The study, conducted at Oregon Health & Science University, enrolled 53 women diagnosed with fibromyalgia in an effort to determine if yoga "should be considered as a prescribed treatment and the extent to which it can be successful."
James Carson, PhD., a clinical health psychologist and an assistant professor of anesthesiology and perioperative medicine in the OHSU School of Medicine says, "Previous research suggests that the most successful treatment for fibromyalgia involves a combination of medications, physical exercise and development of coping skills." The current study focused specifically on yoga.
The group assigned yoga kept a diary throughout the study. Questionnaires and physical exam were used to evaluate pain, stiffness, fatigue, poor sleep and memory, depression and anxiety and balance before and after the study.
Yoga reduced fibromyalgia pain, fatigue and depression after 8 weeksThe study revealed that yoga had a significant impact for reducing pain, fatigue and depression associated with fibromyalgia.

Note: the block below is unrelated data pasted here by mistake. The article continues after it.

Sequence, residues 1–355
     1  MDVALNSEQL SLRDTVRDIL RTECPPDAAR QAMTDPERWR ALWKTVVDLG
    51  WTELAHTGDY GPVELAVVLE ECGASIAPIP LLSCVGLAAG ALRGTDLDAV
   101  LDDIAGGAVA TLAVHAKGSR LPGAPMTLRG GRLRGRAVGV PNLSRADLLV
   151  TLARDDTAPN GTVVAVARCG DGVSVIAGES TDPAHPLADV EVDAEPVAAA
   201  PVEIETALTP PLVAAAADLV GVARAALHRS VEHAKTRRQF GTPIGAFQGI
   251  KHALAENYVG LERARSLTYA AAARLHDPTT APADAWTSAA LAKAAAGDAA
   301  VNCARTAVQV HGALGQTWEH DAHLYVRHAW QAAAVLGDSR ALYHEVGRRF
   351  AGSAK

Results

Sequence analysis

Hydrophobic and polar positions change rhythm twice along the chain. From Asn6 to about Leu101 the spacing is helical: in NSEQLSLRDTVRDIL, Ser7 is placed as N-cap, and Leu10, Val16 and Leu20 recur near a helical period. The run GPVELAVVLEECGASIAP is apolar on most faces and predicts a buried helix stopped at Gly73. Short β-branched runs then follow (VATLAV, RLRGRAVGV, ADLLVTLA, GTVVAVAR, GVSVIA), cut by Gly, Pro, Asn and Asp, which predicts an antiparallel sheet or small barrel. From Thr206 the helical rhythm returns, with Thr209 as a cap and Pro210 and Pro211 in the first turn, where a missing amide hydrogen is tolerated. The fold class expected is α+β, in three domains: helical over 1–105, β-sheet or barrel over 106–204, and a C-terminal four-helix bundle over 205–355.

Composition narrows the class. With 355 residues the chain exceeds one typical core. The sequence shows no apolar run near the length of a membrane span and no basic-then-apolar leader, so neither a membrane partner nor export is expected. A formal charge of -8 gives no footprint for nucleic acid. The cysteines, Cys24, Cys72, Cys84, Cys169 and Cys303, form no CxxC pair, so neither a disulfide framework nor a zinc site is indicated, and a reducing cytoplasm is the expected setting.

Compared to the group receiving standard medical therapy, participants given an 8 week program of yoga experienced a 24 percent reduction in pain, 30 percent reduction in fatigue, and depression was reduced by 42 percent.
Carson noted "One likely reason for the apparent success of this study therapy was the strong commitment shown by the study subjects. Attendance at the classes was good as was most participants' willingness to practice yoga while at home."
As a result of their studies the Oregon Health and State University researchers plan to offer teaching to U.S. and Canadian yoga teachers next June, focused on helping individuals with chronic pain. Previous research from OSHU showed that yoga can also help cancer pain. The new findings show yoga could be beneficial for combating serious symptoms associated with fibromyalgia.
Oregon Health & Science University